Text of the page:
materializes a secondary, technological body in which a female instructor named Z
guides our real life senses. The piece explores notions of the virtual, meditated through synthesized hyper-real landscapes, devoid of ordered systems of the everyday. Z invites us to engage with the space, where our virtual and physical selves meet to correspond with one another in the present.
Z’s immediacy initiates visceral and sensual engagements. Movements and actions, which are usually subconscious, are made apparent within Z’s
suggestion of a future state of self. A noted feature of these interactions is marked in Z’s executions; the trace of her instructions and the tenuous demographic she maps within a participant.
Z seeks to exemplify the hybrid between popular cultural production and our inner negotiations of our subjective self. Scrolling, the surfaces vibrate, and we become implicated in the exercise of movement within this virtual space.
The thread is tightly interwoven by the removed, and groundless histories of ourselves and a dogma of universal human experience embedded within the artwork, which are both frequently contradictory. As a viewer, we gaze upon this utopian world and wonder how we could exist within it.
In such worlds it is right to declare that the imperative of our time is rooted in the archive of experience as a paradox of intangible cultures. The experience is one of unresolved loss or ‘lost’,a presence which cannot be fully visually represented and cannot be unpacked solely by the visceral engagements of the participant.
Meet Z portrays hyper-materialism within a portrait of a highly saturated virtual world, governed by patterning of language. There is a suggestion that the virtual, hyper real landscapes presented in Meet Z are symptomatic of an ever-changing, ever-evolving economic environment in which artists are required to operate.
Commodification is presented and exchanged while states of self-existence are rendered on contemporary online platforms. This poses questions such as: do we consider the Internet as an extension of us? How do we curate loss without representing a new construction of the arbitrary? The dynamic world Z constructs allows us to consider the labor of capital as a materialization of the tangible world, one which allows our temporal experiences to be governed by an idealization of the future — a perspective onto the future; a rendering of transcendence. The parody and application of your future fate is surrendered to you by your active participation.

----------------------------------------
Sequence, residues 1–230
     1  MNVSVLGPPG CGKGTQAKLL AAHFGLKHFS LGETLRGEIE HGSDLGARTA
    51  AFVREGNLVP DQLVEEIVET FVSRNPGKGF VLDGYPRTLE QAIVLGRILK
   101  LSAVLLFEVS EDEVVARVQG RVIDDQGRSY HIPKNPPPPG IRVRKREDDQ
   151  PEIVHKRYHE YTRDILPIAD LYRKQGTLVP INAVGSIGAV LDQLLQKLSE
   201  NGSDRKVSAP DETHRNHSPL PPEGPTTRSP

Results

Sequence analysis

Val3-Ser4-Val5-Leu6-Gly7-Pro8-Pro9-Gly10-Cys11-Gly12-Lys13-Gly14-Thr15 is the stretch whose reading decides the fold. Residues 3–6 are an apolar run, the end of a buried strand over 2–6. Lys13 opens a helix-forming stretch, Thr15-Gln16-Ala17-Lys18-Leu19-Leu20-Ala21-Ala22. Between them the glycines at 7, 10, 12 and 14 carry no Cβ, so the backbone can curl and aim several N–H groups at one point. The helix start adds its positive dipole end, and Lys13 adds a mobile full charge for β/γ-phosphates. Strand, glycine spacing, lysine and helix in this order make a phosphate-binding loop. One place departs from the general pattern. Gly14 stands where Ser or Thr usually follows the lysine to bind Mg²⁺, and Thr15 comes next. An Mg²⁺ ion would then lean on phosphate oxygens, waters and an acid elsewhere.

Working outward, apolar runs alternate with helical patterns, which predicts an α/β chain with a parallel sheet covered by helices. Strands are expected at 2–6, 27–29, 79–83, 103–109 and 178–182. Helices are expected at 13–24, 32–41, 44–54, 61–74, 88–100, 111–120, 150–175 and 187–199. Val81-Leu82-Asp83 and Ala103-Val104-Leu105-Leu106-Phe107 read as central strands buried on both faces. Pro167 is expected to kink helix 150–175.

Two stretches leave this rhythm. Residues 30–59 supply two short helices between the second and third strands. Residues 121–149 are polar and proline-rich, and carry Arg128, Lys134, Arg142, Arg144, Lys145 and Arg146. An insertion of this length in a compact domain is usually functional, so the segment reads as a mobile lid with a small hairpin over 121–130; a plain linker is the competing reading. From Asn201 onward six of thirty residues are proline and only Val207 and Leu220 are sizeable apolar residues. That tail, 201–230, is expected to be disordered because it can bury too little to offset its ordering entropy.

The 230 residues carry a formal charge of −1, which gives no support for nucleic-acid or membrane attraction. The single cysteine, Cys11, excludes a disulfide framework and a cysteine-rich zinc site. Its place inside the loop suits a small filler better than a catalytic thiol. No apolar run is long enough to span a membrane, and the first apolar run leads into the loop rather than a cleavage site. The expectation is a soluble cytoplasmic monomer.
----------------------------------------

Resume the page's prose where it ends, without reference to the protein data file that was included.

Meet Z Here
Meet Z was conceived and directed by:
Marleen Boschen, Kate Cooper, Marianne Forrest.
Working in collaboration with:
Theo Cook, Pablo Jones-Soler, Michael Oswell, Kieran Startup, James Wreford.
Drew Miller, Music:
Mutant Jukebox, Styling: Francesca Pinna, Makeup: Nora Belovai and Alena D as Z.
Founded in 2007, Auto Italia is an artist led organization based in the UK. Their artistic program has been developed around issues directly affecting creative agency and artists, investigating concepts of self-organization, artistic labor, virtual sites, the Internet and gender. Auto Italia’s projects often manifest as meditations on the synesthetic and online environments and question how artists operate in an ever changing, urban economic climate.